Warisan pledges to dump BN’s ‘pricey’ BRT for minibus system

Just make buses reliable and convenient, says Junz Wong (standing, centre) while addressing Warisan grassroots leaders in Tanjung Aru.

KOTA KINABALU: Parti Warisan Sabah says it can offer a viable alternative to the Barisan Nasional (BN) government’s long-delayed bus rapid transit (BRT) plan that is likely to increase public transport fares in Kota Kinabalu.

Its vice-president, Junz Wong, said the party would improve the “haphazard” minibus system if it came to power in the state, instead of introducing the BRT as it would burden commuters with higher costs.

“I totally disagree with (Minister in the Prime Minister‘s Department) Abdul Rahman Dahlan’s suggestion that in order to have the BRT, Sabahans have to fork out higher fares,” he said.

“What should be done is to improve the existing network of minibus transport providers in Kota Kinabalu,” he said, accusing Rahman of not understanding the plight of ordinary Sabahans who use minibuses.

Wong, who is Likas state assemblyman, claimed that the state government had failed to develop a proper public transport system.

“In the state capital, there is not even a proper bus terminal. We see the town buses parked all over,” he said in a statement issued after a meeting with Warisan grassroots leaders in Tanjung Aru today.

Rahman had said last week that people must be willing to pay slightly more in using the BRT than what they were paying for currently.

“This is because they would be getting clean, efficient and very comfortable buses,” the Kota Belud MP was quoted as saying by The Star.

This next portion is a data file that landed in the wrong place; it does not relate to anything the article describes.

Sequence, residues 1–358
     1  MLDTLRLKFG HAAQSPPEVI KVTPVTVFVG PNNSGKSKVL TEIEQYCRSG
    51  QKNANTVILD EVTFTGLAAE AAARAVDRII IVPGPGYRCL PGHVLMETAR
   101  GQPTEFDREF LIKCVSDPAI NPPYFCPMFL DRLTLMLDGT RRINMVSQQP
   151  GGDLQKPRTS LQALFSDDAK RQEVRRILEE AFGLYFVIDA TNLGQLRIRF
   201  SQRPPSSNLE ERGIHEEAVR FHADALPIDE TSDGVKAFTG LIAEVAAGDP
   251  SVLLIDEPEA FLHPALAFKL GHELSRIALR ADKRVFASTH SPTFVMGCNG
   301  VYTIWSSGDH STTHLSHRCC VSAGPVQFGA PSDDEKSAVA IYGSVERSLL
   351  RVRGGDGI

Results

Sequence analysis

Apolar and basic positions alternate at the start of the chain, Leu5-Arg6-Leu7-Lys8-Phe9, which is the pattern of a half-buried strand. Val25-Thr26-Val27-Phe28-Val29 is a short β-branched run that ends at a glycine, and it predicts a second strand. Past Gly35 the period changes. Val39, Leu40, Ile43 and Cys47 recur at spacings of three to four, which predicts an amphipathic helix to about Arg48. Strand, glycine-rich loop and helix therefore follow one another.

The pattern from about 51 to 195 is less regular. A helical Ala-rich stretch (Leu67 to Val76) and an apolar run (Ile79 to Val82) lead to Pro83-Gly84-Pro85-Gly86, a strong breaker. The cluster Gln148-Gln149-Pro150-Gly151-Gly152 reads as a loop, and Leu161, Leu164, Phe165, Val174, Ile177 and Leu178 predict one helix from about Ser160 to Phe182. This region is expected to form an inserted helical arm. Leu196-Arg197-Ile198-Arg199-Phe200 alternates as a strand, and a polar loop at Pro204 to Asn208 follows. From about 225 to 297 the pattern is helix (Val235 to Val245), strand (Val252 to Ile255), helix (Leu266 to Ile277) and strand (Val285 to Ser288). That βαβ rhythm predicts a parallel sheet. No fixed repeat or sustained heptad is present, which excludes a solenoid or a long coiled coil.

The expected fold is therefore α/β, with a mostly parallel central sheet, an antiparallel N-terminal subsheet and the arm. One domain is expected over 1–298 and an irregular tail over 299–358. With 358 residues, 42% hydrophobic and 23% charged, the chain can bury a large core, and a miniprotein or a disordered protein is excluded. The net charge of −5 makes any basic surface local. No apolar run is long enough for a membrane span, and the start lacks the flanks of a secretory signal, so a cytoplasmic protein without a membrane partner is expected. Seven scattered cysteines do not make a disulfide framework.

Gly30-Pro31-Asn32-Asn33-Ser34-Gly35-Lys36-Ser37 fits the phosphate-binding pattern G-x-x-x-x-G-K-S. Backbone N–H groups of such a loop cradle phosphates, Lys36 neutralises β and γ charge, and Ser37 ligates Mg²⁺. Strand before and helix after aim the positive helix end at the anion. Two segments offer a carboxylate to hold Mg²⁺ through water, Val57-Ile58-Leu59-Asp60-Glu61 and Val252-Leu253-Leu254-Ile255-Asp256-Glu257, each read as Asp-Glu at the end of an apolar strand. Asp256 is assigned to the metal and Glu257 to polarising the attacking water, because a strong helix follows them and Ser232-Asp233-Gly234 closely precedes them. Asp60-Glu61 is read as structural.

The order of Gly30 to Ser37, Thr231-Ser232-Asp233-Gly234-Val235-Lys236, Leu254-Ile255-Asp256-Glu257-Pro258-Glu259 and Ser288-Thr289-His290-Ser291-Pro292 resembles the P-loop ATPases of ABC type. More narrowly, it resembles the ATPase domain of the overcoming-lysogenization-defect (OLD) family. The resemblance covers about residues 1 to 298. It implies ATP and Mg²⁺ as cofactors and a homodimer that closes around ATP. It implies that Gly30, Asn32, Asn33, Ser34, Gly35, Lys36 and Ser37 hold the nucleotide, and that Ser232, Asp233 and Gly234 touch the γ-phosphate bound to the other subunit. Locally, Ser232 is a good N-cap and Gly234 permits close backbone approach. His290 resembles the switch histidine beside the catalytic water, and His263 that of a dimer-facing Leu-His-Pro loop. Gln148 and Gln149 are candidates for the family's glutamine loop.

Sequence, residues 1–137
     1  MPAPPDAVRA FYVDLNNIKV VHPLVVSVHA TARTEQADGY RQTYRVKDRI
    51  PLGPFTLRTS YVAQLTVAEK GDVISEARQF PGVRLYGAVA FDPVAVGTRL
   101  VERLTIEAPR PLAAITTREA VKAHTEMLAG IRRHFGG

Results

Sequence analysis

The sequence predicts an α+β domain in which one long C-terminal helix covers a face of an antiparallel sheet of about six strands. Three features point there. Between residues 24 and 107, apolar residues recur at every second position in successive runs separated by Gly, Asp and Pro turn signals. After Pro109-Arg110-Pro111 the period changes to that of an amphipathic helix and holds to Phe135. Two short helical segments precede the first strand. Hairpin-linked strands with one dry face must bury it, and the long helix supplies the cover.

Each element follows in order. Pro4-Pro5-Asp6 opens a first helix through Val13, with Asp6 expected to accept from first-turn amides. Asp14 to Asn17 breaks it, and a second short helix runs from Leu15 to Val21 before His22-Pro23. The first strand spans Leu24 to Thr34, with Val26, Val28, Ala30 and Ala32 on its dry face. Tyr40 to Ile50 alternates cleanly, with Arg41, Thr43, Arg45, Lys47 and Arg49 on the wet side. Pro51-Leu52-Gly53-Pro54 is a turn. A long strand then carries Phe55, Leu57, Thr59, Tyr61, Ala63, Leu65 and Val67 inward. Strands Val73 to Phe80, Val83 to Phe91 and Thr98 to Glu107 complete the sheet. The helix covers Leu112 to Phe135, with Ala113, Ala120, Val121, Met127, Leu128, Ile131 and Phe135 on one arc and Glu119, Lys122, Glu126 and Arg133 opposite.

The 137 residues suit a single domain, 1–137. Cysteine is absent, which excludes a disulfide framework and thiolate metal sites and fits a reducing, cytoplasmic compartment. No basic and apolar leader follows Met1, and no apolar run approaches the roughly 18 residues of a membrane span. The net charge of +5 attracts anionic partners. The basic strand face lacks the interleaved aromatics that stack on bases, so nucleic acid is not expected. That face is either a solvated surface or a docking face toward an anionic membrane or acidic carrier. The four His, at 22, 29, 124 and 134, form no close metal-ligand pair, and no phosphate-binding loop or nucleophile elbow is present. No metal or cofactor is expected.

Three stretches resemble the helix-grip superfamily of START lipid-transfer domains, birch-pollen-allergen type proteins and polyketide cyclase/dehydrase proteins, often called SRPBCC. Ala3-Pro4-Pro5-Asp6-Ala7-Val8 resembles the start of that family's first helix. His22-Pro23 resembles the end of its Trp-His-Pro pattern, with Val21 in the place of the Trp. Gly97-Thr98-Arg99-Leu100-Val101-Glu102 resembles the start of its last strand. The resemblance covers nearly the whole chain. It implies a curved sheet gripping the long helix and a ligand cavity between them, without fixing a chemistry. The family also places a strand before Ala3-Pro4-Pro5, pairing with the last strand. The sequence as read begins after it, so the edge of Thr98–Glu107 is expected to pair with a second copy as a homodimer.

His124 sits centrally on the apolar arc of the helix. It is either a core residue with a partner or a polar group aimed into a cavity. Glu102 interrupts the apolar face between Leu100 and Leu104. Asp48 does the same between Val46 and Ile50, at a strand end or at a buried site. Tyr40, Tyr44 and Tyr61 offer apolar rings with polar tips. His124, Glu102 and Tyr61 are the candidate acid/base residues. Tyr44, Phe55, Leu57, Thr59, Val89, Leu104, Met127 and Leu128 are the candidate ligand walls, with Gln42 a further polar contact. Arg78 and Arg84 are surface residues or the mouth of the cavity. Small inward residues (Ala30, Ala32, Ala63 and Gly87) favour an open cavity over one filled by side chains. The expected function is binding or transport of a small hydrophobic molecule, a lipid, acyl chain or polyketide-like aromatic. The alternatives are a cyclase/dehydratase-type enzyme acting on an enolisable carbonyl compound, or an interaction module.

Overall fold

“If people want world-class public transportation, then they must be able to invest (in the project) together with the government.

“We cannot be paying the BRT drivers the same amount we are paying the minibus drivers right now.

“If people expect that kind of fare, then the idea of having BRT may not work because it is just too expensive,” he added.

Wong said Warisan leaders had gathered feedback from daily commuters and industry players on how a coordinated and effective minibus system could be best implemented in the shortest possible time.

He said the buses needed to be reliable, punctual and convenient for passengers.

“Local authorities must also provide support by ensuring roads are well maintained and there are adequate bus stops placed at suitable spots.”

Wong said Rahman seemed to be giving excuses for BN’s failure to implement the BRT which was announced in early 2016 to solve worsening traffic problems.

“The BN government is fond of making grandiose announcements on projects for Sabahans, which remain merely talk. This is done to try to hoodwink, time and again, the people of Sabah,” he claimed.